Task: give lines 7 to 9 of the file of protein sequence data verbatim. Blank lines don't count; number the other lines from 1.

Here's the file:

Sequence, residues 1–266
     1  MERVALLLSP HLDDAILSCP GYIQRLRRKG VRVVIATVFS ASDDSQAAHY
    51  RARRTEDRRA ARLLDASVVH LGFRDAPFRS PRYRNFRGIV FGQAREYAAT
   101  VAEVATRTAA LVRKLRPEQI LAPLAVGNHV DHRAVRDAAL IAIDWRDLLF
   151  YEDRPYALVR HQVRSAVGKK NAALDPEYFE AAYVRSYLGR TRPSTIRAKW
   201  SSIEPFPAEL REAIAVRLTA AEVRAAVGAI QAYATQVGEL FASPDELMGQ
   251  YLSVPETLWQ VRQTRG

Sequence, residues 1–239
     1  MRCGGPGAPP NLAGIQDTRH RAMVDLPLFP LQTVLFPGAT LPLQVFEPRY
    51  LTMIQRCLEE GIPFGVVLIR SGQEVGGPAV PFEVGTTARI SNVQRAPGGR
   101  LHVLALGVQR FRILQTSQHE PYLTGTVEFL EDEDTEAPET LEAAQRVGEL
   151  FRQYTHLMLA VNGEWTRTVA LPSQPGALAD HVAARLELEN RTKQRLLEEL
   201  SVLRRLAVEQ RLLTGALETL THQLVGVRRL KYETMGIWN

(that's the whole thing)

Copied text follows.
   251  YLSVPETLWQ VRQTRG

Sequence, residues 1–239
     1  MRCGGPGAPP NLAGIQDTRH RAMVDLPLFP LQTVLFPGAT LPLQVFEPRY